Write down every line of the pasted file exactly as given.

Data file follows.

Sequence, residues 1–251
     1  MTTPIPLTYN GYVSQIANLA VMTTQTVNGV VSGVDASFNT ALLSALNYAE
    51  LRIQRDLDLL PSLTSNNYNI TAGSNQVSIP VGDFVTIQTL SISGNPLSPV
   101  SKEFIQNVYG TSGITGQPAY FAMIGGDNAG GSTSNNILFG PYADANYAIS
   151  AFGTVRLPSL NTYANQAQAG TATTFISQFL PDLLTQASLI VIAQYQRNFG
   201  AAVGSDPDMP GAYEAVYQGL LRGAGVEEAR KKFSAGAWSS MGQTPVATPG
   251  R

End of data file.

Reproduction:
Sequence, residues 1–251
     1  MTTPIPLTYN GYVSQIANLA VMTTQTVNGV VSGVDASFNT ALLSALNYAE
    51  LRIQRDLDLL PSLTSNNYNI TAGSNQVSIP VGDFVTIQTL SISGNPLSPV
   101  SKEFIQNVYG TSGITGQPAY FAMIGGDNAG GSTSNNILFG PYADANYAIS
   151  AFGTVRLPSL NTYANQAQAG TATTFISQFL PDLLTQASLI VIAQYQRNFG
   201  AAVGSDPDMP GAYEAVYQGL LRGAGVEEAR KKFSAGAWSS MGQTPVATPG
   251  R